Directed by Havana Marking
With the recent election of a new moderate parliament in Lebanon and the spirit of openness that preceded the brutal crackdowns in Iran, everyone is talking about "The Obama Effect". But has anyone thought to consider "The American Idol Effect"? In Afghanistan, where presidential elections are scheduled for this August, the ejection of the Taliban from the government and the subsequent relaxation of Sharia law has re-opened a view to the west and allowed for new and rapid cultural development. Director Havana Marking's new documentary examines one such outgrowth this cultural flowering: Afghan Star, an American Idol-like television show in which ordinary people are invited to compete in a singing contest for a cash prize and record deal. The documentary follows four hopefuls, two women and two men, as they advance through eliminations and enter the final round of competition. Like its American counterpart, the show attracts the attention of the entire country, prompting people of every age, ethnicity and gender to tune in and vote by cellular phone. However, in a war-weary country recently loosed from the grip of an extremist regime, the democratic process that governs the show, its modern example of rapid upward mobility and the uniting force of popular entertainment proves to have political and social implications greater than predicted.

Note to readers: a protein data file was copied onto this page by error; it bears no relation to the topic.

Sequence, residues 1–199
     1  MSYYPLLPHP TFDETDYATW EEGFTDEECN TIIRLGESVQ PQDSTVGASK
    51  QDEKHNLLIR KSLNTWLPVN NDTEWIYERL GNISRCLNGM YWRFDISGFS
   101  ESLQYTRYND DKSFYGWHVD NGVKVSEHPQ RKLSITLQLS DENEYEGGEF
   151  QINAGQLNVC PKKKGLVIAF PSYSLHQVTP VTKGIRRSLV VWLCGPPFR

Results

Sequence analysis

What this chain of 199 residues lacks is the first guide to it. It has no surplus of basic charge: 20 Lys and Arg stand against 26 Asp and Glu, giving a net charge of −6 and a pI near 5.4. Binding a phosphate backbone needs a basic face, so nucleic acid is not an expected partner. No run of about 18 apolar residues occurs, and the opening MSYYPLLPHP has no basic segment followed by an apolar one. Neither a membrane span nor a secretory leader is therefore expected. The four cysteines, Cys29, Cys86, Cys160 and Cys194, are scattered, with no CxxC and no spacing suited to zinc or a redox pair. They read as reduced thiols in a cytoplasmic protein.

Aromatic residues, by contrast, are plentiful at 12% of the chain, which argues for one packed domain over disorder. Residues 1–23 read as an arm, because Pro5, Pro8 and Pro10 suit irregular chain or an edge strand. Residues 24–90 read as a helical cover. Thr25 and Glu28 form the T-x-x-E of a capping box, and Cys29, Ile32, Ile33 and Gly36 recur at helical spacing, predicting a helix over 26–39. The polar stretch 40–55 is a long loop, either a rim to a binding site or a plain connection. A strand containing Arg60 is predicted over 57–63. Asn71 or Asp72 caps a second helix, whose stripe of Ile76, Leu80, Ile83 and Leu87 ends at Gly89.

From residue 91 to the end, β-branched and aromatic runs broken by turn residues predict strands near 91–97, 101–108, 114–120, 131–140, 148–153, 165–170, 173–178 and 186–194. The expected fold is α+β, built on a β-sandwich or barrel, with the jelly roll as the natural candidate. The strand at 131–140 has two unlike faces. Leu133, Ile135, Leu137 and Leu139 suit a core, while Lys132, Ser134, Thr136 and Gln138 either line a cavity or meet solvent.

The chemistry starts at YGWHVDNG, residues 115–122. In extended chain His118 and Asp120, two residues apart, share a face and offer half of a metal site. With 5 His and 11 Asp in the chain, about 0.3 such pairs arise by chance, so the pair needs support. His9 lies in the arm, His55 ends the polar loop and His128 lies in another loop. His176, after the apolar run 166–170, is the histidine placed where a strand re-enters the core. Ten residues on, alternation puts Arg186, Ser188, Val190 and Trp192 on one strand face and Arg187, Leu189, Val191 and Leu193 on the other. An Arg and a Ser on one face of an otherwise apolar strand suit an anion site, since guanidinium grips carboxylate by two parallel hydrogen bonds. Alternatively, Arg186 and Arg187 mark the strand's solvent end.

Although it may be unfair to view Afghanistan's rehabilitation through the lens of a distinctly American trend, especially one as trivial and shallow as American Idol, this lens works well to facilitate cultural translation. Multiple scenes of families gathering around a glowing screen, teenagers convening in cafes and veiled women swooning at the sight of the male contestants access a common ground between Afghanistan and Western nations. Yet with the country's recent history and the Taliban itself still looming over the populace, this lens also highlights the differences. Angered by the resurgence of singing and dancing, members of the Taliban target the female contests in particular, delivering death threats and eventually forcing them to go into hiding. While in the States, American Idol serves as fodder for water cooler banter, Afghan Star functions as a radical unifying force, bringing together contestants from various ethnic groups to engage in artistic expression and rebuilding the displaced sense of community, albeit as a fan base. Well-paced, insightful and by turns both dark and funny, Marking's documentary shows that for all our differences, we all enjoy the dream of becoming famous and the thrill of real time participation in entertainment. Let's just hope they don't adopt some of our less savory programs. I'd hate for audiences to have to endure an Afghan version of The Hills.
Opens June 26